Global Economics

U.S., China to Allow Investments by Chinese Banks


Under a deal with China's banking regulator, the U.S. becomes the fifth overseas market in which Chinese banks and trusts can invest

The China Banking Regulatory Commission (CBRC) says it has signed a memorandum of understanding with the Securities & Exchange Commission in the US. The agreement is a de facto approval for Chinese banks and trusts to begin overseas investments in the US. It is similar to a previous understanding signed with the Hong Kong Securities & Futures Commission which allows Chinese banks to invest in equities, fixed income and mutual funds recognised by the US regulator.

Christopher Cox, chairman of the SEC, said at the signing ceremony with Liu Minkang, chairman of the CBRC, that the US regulator would work closely with the CBRC for information exchange, monitoring and building a cooperative framework for QDII developments.

The deal has come after a recent state visit by US Secretary of the Treasury, Henry Paulson, to China. Paulson, responding to Chinese premier Wen Jiabao's vocal concerns on the US economy, reassured China about the US's long-term stability and said the subprime crisis would be limited.

Paulson's previous attendance of a Strategic Economic Dialogue conference with Chinese officials has resulted in a three-fold increase in total qualified foreign institutional investor (QFII) quotas from $10 billion to $30 billion. The QFII programme, unlike QDII, allows overseas investors to invest in Chinese domestic securities.

Unlike its more progressive counterparts in the China Securities Regulatory Commission, which provides oversight to fund management and brokerage houses, the CBRC has only recognised four other foreign markets. The 23 domestic and foreign banks with QDII licenses are allowed to participate in 'mature' markets, such as Hong Kong, Singapore, the UK and Japan.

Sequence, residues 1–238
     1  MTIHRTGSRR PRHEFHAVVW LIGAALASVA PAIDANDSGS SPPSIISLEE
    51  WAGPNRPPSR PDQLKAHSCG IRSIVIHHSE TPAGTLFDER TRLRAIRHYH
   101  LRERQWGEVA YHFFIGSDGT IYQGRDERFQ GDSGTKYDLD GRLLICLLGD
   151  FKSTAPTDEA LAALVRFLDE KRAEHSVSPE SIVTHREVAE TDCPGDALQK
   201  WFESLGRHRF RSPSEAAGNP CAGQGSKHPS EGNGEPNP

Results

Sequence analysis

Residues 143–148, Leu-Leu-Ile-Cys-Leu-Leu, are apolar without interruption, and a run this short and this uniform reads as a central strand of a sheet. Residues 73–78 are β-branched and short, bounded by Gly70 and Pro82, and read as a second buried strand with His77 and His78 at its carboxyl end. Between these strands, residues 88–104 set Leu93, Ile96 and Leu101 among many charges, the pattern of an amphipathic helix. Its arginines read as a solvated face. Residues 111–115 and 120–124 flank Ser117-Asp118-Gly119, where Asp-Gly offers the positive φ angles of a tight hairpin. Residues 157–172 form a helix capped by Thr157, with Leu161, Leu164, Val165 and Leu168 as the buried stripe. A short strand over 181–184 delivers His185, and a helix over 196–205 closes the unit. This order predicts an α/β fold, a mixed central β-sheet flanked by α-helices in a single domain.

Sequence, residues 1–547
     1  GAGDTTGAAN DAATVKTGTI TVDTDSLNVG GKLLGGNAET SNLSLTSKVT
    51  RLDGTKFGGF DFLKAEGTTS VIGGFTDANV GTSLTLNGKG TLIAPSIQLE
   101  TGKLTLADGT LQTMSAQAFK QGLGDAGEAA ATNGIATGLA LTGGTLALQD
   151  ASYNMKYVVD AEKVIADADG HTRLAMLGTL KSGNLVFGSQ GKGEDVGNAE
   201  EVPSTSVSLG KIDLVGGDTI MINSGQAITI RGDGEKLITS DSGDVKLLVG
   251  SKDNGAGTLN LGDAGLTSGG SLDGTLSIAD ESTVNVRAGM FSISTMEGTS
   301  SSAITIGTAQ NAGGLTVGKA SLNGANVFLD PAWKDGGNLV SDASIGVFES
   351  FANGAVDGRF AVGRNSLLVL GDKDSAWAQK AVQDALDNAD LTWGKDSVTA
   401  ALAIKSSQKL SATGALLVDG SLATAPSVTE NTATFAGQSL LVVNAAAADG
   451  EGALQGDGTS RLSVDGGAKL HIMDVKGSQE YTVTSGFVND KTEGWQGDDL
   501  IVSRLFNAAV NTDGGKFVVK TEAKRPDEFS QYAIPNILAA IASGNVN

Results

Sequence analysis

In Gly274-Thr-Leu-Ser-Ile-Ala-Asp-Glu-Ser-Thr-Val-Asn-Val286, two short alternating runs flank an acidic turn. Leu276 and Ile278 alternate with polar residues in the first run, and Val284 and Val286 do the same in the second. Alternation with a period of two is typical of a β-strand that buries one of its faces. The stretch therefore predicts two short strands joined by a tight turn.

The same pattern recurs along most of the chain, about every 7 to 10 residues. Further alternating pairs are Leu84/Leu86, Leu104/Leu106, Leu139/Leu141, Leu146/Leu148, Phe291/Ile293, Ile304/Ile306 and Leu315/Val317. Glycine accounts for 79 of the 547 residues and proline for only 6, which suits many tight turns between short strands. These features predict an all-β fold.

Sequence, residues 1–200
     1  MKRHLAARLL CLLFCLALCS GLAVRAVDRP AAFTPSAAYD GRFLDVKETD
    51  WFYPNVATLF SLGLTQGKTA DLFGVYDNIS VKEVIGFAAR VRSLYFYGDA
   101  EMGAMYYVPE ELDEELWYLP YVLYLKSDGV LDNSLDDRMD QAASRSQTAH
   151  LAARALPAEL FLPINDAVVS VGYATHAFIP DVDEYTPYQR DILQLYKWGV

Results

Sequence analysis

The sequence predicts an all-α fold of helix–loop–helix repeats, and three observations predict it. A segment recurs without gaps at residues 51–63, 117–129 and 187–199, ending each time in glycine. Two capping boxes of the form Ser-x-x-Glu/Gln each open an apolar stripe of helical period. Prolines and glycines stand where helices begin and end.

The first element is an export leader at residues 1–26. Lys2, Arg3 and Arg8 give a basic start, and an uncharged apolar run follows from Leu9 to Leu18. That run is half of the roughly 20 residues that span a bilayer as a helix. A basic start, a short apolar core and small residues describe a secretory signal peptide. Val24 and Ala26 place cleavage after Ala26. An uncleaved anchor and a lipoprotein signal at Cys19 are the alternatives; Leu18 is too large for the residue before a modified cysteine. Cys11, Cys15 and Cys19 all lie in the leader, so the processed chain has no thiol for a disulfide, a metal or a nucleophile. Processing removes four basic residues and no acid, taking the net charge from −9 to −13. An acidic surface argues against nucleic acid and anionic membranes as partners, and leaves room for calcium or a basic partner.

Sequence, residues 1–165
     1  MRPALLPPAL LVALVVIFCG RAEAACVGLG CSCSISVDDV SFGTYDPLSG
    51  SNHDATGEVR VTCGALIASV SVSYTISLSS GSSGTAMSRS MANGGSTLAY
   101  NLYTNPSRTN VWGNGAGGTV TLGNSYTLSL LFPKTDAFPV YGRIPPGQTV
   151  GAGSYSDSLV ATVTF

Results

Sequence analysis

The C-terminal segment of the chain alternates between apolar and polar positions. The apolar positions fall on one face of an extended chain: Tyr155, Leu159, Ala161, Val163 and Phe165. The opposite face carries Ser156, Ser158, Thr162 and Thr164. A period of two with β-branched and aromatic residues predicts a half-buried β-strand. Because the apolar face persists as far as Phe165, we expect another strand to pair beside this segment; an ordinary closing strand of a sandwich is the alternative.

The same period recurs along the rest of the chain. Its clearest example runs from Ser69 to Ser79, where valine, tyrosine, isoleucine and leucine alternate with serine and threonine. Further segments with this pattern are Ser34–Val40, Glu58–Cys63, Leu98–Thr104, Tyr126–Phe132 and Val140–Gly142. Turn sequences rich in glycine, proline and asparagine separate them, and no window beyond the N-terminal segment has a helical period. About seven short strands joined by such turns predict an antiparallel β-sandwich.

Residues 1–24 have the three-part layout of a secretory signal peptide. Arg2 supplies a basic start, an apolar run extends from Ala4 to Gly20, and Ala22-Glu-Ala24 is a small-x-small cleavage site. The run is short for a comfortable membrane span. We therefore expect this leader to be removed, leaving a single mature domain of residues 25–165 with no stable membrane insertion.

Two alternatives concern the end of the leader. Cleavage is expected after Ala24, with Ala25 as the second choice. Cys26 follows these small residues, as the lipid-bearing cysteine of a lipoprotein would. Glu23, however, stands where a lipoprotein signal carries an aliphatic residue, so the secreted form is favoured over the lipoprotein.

At the height of the overseas investment frenzy in October last year, the QDII scheme was believed to have attracted close to $25 billion of liquidity from both Chinese and foreign investors into the Hong Kong market, driving one of the most aggressive run-ups in the Hang Seng Index to over 30,000 points, which led to a period of uncertainty in inflation, and Hong Kong citizens calling for the unpegging of the Hong Kong dollar from the US dollar.

The scheme has been on a respirator since, particularly following the spread of the subprime crisis to global markets. Minsheng Bank has been one of the key victims affected as it announced the collapse of its QDII product.

The outlook for the QDII scheme remains uncertain for the rest of 2008, given that Paulson's other agenda includes the revaluation of the renminbi. His previous lobbying might have partly contributed to an upward surge in the Chinese currency against the dollar: just in the past quarter, it has risen by 4%. Chinese citizens view dollar-linked investments with a wary eye and the expectation of depreciation. Observers widely believe the yuan will rise further to see a US-RMB cross-rate below seven this year.

An internal source says the Chinese regulators are closely monitoring developments in the US and UK on the subprime crisis and the emergence of super-regulators for financial market oversight. Chinese leaders are drawing parallels within in the QDII system, CSRC, CBRC, CIRC (an insurance regulator), the State Administration for Foreign Exchange (SAFE), not to mention the National Development & Reform Commission and even the State Council from day-to-day operations to policy designs.

Liz Mak is a researcher for Asian Investor.

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